J. Scott – I think that you’ve misread the capacity. It’s not a 15k force, it’s 15k of seats in police training per month. So let’s say you’ve got a classroom with 10 trainees and you’re teaching them how to properly gather evidence so that justice can be more than who pays the highest bribes. And let’s say that tribal loyalties are going to pull 7 out of 10 of those people into tribal militia after they’ve learned this and all the other techniques of civilized policing. You end up with 3 policemen, very expensively trained but what have the tribes gained? They don’t use proper evidentiary procedure. They don’t muss about with natural rights, and all the rest of the training. Their computerization and attention to procedure is singularly lacking. So what do the 7 tribesman take back to their various tribal factions?

      Other than a bit of firearms training, the only way the tribes are going to take advantage of police training is by using civilized police procedures themselves. And if they do that, then it’s just fine. We don’t care who sits in Kabul and runs the country so long as they are civilized and keep their crazies controlled internally.

      Creating sub-factions who believe in civilized police methods inside the tribal factions trying to take down Karzai is a net plus for the US and the rest of the civilized world. The worst situation for nation building is when you have an “indespensible man” in an otherwise barren political class. You’ll never get a free, independent society out of that.

    7. onparkstreet Says:

      Thanks for the comments everyone.

      @ The Royal Hector: I put up a series of links that I thought would be interesting. I honestly don’t know about Afghanistan. I’m worried about how the Karzai government will function once we draw down and about the support given the Afghan Taliban/Talibans by Pakistan and Iran, etc. Where will the money come from in the future to meet payroll for the Afghanistan Army and National Police? I mean, besides foreign aid?

      But I’ve never been in the military and never been to Afghanistan. I tried to include a few more “positive” links to counteract the more skeptical ones.

      Who knows? It may be that we will muddle through to something less than perfect, but durable, and as we do so, the Chinese and Indians will continue to develop the economics side of the equation.

      Americans are great “muddlers” and people sometimes forget that.

      *I don’t get some of the non-stop foreign policy “apologias” by this administration. Sometimes it seems as if we play right into the information loop of our enemies or something. Frustrating.

      – Madhu

    8. onparkstreet Says:

      The comments at the first link (over at Small Wars Journal) are very good.

      – Madhu

    9. the royal hector Says:

      Onparkstreet, “muddling” is an apt term. Fortunately, it can be good enough in many situations. As far as those issues of less than stellar efficiency in the Army command structure go, brought up at Small Wars Journal, sure looks like a breakdown in disciplined strategic focus with mid-level careerism run amok. You’d think two hot wars would winnow out more of these mediocre types.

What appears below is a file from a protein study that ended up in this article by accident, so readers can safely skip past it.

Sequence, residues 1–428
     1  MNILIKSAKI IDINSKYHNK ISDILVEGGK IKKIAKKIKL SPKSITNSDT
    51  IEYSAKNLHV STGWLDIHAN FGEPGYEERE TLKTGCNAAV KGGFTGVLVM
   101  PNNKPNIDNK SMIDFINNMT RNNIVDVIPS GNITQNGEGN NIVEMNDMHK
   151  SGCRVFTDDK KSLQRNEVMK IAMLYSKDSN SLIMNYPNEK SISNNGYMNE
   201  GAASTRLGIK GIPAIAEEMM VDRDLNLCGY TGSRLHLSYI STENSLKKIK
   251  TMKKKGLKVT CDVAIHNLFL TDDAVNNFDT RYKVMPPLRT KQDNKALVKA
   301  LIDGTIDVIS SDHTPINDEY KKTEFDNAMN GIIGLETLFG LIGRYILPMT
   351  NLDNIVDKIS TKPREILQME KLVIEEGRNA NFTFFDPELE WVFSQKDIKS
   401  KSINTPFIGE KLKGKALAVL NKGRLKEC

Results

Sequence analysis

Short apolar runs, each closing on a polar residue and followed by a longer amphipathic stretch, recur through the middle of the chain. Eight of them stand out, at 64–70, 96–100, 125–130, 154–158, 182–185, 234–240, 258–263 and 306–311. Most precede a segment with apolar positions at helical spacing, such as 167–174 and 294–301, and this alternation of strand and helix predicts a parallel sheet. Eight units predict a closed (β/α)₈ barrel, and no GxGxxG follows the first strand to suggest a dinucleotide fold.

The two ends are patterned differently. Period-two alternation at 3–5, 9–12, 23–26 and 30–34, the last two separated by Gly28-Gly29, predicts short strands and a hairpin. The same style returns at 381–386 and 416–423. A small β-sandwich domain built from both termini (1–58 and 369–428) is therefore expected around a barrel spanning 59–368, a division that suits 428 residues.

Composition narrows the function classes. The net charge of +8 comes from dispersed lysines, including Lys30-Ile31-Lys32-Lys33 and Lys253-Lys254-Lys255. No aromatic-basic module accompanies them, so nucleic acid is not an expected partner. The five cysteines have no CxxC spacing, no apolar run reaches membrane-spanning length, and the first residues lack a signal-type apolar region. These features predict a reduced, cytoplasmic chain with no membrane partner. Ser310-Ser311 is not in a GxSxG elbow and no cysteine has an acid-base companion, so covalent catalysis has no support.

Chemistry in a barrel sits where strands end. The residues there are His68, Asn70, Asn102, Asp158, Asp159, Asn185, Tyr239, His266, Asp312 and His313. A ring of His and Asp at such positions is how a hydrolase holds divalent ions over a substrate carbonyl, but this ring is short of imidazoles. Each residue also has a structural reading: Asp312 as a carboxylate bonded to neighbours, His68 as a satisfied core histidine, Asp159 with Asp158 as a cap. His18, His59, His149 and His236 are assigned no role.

Re Afghanistan, have we averted some additional terror events that would’ve been staged from there and laid the foundation for *some* rebuilding of the country into more of a nation-state with which we can deal? Perhaps. You make a good point about the possibility of Indian and Chinese commercial engagement helping to build up civil society, but your skepticism over local will and means being sufficient to sustain “the program” puts the donkey before the cart (and cart bomb.) Most of us look at more modern, radicalized and struggling Pakistan and wonder what’s the use. In both countries, the worst elements we’ve been rooting out, terrorists and corrupt officials (at least the ones we can’t work with), keep growing back like the insidious bamboo I keep hacking and digging up out back. I think I’m gonna win, tho’… eventually ;) Even if we pull out soon and Afghanistan appears to revert to mid last millenium, our mil and intel forces will still have language, contacts, local knowledge, COIN skills, on-the-ground assets, etc.

      Maybe after laying the groundwork this time, the next time we won’t go the major mobilization/ muddy boots war and nation-building route in dealing with terrorism after the fact, just brutally punishing. Meanwhile, aren’t there hints we’re dealing with the Iranian nuclear menace in a less confrontational way, employing cyber backdoor and other sabotage? Also, the left-reactionary proscription of black ops and targeted assassination doesn’t seem to be as politically constraining, anymore, at least for a Dem admin. Could be our post-Soviet “end of history” complacency and prissy sensibilities are being rolled back as we get more serious about national security. Overseas, however, is one thing, seems more problematic stateside.

    10. onparkstreet Says:

      You make a good point about the possibility of Indian and Chinese commercial engagement helping to build up civil society, but your skepticism over local will and means being sufficient to sustain “the program” puts the donkey before the cart (and cart bomb.) – The Royal Hector

      You make a good point, too. I’m going to have to think about that a bit more….

      *I’ve updated the post to reflect a change in the “byline” of the piece at SWJ. It originally said the post was by “frontier 6.” It has been updated to William Caldwell. (Which you could have figured out from the original post by scrolling down to the end of the article.)

      **The following articles might be of interest to some of our readers:

      http://www.carlisle.army.mil/usawc/Parameters/Articles/2010summer/Millen.pdf

      http://www.carlisle.army.mil/usawc/Parameters/Articles/2010summer/Iqbal.pdf

      – Madhu

      (edit: by “of interest,” I don’t necessarily mean “agree with.” At least one of those articles drives me a little batty :) )